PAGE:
出版社: Yale University Press
副标题: Economic Growth, Stagflation, and Social Rigidities
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作者简介 · · · · · ·
Mancur Lloyd Olson, Jr. (pronounced /ˈmæŋsɜr/; January 22, 1932–February 19, 1998) was a leading American economist and social scientist who, at the time of his death, worked at the University of Maryland, College Park. Among other areas, he made contributions to institutional economics on the role of private property, taxation, public goods, collective action and contract righ...
Mancur Lloyd Olson, Jr. (pronounced /ˈmæŋsɜr/; January 22, 1932–February 19, 1998) was a leading American economist and social scientist who, at the time of his death, worked at the University of Maryland, College Park. Among other areas, he made contributions to institutional economics on the role of private property, taxation, public goods, collective action and contract rights in economic development. Olson focused on the logical basis of interest group membership and participation. The reigning political theories of his day granted groups an almost primordial status. Some appealed to a natural human instinct for herding, others ascribed the formation of groups that are rooted in kinship to the process of modernization. Olson offered a radically different account of the logical basis of organized collective action.
In his first book, The Logic of Collective Action: Public Goods and the Theory of Groups, he theorized that “only a separate and ‘selective’ incentive will stimulate a rational individual in a latent group to act in a group-oriented way”; that is, only a benefit reserved strictly for group members will motivate one to join and contribute to the group. This means that individuals will act collectively to provide private goods, but not to provide public goods.
In 1982, he expanded the scope of his earlier work in an attempt to explain The Rise and Decline of Nations. The idea is that small distributional coalitions tend to form over time in countries. Groups like cotton-farmers, steel-producers, and labor unions will have the incentives to form lobby groups and influence policies in their favor. These policies will tend to be protectionist and anti-technology, and will therefore hurt economic growth; but since the benefits of these policies are selective incentives concentrated amongst the few coalitions members, while the costs are diffused throughout the whole population, the "Logic" dictates that there will be little public resistance to them. Hence as time goes on, and these distributional coalitions accumulate in greater and greater numbers, the nation burdened by them will fall into economic decline. Olson's idea is cited as an influence behind the Calmfors-Driffill hypothesis of collective bargaining.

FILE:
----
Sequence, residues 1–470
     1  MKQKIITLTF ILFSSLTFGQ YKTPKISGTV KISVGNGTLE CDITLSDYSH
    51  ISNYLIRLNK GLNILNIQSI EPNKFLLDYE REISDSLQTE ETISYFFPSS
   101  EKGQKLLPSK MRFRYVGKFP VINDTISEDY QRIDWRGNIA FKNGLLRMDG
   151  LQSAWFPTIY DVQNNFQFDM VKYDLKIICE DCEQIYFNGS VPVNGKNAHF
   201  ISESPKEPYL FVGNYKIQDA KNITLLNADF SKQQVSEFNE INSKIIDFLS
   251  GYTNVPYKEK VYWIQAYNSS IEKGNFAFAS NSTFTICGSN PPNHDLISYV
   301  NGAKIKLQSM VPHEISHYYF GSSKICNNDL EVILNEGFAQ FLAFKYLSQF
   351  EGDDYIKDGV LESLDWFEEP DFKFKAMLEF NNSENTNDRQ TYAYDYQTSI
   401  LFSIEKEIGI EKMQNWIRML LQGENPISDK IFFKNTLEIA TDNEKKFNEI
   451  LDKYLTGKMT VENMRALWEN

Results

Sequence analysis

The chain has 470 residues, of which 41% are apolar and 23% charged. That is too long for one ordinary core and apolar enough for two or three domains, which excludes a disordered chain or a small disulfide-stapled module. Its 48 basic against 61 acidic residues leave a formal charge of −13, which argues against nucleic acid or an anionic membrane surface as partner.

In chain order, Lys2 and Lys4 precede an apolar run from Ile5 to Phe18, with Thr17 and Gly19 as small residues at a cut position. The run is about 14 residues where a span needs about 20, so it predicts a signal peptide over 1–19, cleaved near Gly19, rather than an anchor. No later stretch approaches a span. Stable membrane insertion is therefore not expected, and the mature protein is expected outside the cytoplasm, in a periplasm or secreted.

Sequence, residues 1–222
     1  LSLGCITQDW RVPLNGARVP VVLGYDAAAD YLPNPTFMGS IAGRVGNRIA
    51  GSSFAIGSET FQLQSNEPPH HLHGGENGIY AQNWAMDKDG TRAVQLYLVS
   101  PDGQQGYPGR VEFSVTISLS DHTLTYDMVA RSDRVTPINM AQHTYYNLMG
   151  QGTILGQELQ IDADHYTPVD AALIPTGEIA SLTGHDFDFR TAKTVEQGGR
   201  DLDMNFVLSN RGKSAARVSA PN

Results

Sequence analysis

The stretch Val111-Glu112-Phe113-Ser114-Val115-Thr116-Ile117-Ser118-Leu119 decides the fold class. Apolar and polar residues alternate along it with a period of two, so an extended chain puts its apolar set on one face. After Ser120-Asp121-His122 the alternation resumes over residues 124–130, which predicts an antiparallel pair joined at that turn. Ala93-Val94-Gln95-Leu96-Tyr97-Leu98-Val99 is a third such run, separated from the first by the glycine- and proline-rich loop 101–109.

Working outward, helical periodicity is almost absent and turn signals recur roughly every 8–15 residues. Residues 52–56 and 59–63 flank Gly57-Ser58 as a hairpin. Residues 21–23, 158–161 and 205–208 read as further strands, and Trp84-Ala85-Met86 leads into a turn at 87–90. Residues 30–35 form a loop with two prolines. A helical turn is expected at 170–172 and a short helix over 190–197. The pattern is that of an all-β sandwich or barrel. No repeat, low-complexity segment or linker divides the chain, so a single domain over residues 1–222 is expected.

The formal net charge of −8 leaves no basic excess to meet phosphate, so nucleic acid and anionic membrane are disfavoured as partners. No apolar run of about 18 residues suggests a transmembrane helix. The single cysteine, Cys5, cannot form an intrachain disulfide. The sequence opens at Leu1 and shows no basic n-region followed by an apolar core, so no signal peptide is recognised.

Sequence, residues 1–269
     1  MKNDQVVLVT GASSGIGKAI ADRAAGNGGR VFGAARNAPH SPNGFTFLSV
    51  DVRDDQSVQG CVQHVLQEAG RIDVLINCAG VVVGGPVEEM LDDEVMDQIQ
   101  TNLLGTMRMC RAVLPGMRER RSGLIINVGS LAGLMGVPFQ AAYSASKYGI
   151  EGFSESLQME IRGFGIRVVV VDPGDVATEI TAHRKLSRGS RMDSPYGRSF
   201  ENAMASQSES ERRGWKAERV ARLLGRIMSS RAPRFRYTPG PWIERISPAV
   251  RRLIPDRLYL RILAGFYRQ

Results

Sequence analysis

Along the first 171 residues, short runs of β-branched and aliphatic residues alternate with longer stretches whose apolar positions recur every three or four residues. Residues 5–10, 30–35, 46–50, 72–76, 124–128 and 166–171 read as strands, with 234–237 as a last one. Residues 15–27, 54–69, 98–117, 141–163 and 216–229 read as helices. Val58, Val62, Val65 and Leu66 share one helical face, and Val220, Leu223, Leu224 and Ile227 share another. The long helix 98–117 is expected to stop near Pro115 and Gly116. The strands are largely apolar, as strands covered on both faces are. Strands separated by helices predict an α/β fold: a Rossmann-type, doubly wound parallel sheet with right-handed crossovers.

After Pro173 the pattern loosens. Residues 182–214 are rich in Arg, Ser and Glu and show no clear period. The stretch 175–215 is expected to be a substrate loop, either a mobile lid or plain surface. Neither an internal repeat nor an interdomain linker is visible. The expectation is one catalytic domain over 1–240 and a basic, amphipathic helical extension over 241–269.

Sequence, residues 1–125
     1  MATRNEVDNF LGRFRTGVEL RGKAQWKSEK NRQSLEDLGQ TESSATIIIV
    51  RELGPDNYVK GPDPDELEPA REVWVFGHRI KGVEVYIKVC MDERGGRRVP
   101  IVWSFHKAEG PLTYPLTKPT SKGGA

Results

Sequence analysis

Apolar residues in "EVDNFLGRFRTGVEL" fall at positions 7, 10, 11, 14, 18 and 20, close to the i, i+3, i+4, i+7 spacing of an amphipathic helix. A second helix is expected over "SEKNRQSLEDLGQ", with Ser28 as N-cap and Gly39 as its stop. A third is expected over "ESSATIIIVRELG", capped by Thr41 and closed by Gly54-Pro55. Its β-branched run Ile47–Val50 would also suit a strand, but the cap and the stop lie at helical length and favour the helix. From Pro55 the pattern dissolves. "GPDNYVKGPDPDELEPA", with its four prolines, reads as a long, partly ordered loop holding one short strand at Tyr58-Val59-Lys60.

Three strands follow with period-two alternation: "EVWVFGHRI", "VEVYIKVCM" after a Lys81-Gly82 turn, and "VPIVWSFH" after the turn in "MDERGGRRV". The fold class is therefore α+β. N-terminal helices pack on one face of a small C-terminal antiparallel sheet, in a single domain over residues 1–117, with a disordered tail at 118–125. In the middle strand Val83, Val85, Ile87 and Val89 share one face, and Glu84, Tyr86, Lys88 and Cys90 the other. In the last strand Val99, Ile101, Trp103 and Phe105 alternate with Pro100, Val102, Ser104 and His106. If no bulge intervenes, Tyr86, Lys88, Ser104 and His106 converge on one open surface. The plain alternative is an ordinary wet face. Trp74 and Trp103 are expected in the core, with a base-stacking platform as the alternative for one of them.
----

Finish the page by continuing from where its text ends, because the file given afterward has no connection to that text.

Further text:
In his final book, Power and Prosperity, Olson distinguished between the economic effects of different types of government, in particular, tyranny, anarchy and democracy. Olson argued that a "roving bandit" (under anarchy) has an incentive only to steal and destroy, whilst a "stationary bandit" (a tyrant) has an incentive to encourage a degree of economic success, since he will expect to be in power long enough to take a share of it. The stationary bandit thereby takes on the primordial function of government - protection of his citizens and property against roving bandits. Olson saw in the move from roving bandits to stationary bandits the seeds of civilization, paving the way for democracy, which improves incentives for good government by more closely aligning it with the wishes of the population
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